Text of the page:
Now, working in reverse order, I’ll address the other concerns. We’re on number three now… and I can say without a shadow of a doubt that many people who are not involved in publishing have seen book trailers, even if they don’t know to call them that. My company participated in a trailer that played to a large audience, and you can see it here.
Number two implies that the best place for book trailers to live would be a trailer library of sorts, or a literary equivalent to MTV (when they played music videos all the time). Again, not a bad idea, but beside the main point. The point of a book trailer is not to be found. It’s supposed to find you.
And yes, while showing these videos in public space, book stores, on TV and in the movies are great ways to create more interest in the book (and will), this is not how book trailers are intended to work.
Book trailers are successful when they are so cool they stand alone as little gems of entertainment and engagement. In other words, they should to be viral, meaning that they spread from user to user. It doesn’t matter where they live or originate… they are passed along online via link in Twitter, Facebook, Blog, Tumblr, etc. The link is replicated and passed on… voluntarily (this is my definition of viral: something that gets tens of millions of hits overnight is an epidemic, i.e. Rebecca Black).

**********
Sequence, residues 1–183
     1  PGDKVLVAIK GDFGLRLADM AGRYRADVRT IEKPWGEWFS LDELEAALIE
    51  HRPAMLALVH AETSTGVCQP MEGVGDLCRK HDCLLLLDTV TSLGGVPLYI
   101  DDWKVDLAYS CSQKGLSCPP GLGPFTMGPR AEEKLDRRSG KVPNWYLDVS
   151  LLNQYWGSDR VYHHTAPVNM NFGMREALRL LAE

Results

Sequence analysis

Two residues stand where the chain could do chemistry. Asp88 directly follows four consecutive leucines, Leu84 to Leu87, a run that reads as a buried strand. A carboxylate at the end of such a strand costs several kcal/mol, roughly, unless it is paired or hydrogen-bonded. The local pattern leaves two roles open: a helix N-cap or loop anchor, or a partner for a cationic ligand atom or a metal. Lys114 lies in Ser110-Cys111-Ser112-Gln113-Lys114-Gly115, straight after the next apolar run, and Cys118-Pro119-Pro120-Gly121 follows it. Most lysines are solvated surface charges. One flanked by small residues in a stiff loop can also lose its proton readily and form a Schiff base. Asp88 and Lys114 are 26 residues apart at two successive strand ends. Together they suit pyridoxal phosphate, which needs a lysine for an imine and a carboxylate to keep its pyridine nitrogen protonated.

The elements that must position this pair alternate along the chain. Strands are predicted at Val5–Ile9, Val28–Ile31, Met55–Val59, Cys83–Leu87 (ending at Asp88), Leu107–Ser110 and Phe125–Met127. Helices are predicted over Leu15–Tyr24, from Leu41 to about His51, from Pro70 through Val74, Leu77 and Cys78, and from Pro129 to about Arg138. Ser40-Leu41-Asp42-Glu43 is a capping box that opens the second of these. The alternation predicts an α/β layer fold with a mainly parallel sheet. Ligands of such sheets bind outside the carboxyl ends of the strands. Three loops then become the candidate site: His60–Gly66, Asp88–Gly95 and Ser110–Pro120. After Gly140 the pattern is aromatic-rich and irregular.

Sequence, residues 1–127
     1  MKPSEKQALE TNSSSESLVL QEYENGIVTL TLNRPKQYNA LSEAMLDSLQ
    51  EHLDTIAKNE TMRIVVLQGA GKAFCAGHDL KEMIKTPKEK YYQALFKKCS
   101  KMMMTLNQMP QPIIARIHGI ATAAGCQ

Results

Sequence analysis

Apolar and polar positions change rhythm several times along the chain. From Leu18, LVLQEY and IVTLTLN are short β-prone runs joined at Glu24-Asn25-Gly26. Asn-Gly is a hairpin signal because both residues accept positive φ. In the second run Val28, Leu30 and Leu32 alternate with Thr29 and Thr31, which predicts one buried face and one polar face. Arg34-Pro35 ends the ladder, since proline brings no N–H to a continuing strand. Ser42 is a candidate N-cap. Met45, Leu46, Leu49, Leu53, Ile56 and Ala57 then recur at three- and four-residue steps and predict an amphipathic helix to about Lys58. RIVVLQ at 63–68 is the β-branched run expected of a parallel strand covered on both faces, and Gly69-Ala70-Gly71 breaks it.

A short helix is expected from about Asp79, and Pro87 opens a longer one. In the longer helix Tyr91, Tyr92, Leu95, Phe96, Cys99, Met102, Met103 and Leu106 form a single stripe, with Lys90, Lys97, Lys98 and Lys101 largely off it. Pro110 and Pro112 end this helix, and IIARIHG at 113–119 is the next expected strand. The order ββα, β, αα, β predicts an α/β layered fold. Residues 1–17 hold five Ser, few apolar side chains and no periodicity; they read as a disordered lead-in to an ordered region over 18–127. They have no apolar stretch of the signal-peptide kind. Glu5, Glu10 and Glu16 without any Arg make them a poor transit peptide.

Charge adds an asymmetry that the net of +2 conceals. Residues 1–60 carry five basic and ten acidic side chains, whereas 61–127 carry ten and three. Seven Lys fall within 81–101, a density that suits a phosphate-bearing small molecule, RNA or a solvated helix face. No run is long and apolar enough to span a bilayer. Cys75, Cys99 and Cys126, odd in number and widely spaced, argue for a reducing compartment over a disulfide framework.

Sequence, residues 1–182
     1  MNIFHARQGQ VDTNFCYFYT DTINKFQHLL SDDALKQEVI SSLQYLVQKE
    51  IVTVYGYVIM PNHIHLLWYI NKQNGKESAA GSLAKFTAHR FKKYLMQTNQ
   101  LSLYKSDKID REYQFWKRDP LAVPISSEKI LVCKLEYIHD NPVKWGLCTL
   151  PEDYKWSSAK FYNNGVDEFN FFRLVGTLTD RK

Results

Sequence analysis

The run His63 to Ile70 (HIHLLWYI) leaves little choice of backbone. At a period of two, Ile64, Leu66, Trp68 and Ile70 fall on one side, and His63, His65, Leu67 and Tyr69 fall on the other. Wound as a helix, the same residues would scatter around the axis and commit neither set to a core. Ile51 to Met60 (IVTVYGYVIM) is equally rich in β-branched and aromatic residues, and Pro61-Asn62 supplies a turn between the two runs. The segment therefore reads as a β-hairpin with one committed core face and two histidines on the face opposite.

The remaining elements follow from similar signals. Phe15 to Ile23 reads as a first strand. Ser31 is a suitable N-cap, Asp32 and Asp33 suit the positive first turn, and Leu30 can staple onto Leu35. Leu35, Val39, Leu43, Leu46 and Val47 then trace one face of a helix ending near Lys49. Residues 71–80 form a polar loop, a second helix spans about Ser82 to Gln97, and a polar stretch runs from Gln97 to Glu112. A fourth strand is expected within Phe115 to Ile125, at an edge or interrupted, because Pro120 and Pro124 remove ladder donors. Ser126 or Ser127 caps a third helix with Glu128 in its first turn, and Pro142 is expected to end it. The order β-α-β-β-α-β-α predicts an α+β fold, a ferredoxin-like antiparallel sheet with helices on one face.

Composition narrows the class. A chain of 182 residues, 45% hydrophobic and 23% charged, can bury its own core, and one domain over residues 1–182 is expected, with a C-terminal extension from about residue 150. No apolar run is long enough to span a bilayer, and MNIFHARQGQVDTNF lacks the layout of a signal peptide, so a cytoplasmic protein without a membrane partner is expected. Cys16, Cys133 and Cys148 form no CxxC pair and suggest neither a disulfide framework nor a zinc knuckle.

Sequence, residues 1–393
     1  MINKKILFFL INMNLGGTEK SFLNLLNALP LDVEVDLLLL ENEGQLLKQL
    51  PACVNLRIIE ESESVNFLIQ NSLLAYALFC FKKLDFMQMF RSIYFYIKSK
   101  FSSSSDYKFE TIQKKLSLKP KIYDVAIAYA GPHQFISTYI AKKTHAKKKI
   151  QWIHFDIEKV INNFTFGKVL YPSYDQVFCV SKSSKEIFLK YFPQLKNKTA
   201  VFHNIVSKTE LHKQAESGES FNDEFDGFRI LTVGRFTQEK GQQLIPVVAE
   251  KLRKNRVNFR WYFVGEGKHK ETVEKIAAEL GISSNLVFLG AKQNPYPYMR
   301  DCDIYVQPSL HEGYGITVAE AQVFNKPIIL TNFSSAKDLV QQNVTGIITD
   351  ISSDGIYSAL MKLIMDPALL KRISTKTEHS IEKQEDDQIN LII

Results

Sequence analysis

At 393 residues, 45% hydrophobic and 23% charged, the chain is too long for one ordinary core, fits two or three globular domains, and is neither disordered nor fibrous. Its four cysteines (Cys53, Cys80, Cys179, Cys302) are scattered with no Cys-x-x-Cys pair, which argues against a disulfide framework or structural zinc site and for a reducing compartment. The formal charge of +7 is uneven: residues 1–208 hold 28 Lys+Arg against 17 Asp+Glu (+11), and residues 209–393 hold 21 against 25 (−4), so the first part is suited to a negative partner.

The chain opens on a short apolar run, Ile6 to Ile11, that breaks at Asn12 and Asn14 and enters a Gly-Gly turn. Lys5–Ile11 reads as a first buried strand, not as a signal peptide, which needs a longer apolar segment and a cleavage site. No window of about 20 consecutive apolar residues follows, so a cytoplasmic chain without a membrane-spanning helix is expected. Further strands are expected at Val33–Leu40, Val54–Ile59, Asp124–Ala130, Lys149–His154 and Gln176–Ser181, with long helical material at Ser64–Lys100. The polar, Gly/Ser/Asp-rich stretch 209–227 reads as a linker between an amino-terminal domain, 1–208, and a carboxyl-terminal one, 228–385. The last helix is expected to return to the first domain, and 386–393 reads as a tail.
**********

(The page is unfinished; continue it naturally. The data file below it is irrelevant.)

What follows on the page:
In most, book trailers fail to become viral at all. Why don’t they? There are a few reasons. Mostly, they are poorly made, misleading, and are not strategically implemented. Most book trailers currently function like snazzy business cards, lending a small amount of media presence to a book. At best, they might help cement a sale when posted as “additional media” on Amazon.
The sad truth is, if you have to go looking for a book trailer, it has already failed to be viral, which is (in my opinion) the whole point.
But back to the conversation with Susan Orlean and her Twitter friends…
Another user responds to the question “Does anyone think that book trailers really sell books?”
I’m curious about that too. Is it worth it? When does it end, this stuff we must do besides write the damn books?
It is endless, I’m afraid. I plan to visit each prospective buyer and personally read the book to them, for instance.
I’m looking forward to that, btw.
Will you act it out with puppets? Please?
Oh yes. Puppets and marionettes. Very cunning.@quinncy
I liked Ulysses so much better once I saw the Punch and Judy version.
Couldn’t agree more. The cute costumes!!
My next book is called WILD, so I thought I’d give people the whole “wild look” thing… I was also going to cut their hair. I bought one of those buzz cut clipper thingies.
As a prospective buyer I’d like with the new book an egg that will later hatch into a book of my own. #ifimay
So there you have it. In lieu of a successful media campaign, authors may travel from reader to reader, narrating their stories with the use of marionettes with funny haircuts. Or deliver the book inside an egg that will hatch at the readers command.
Not bad ideas… though perhaps a bit labor intensive.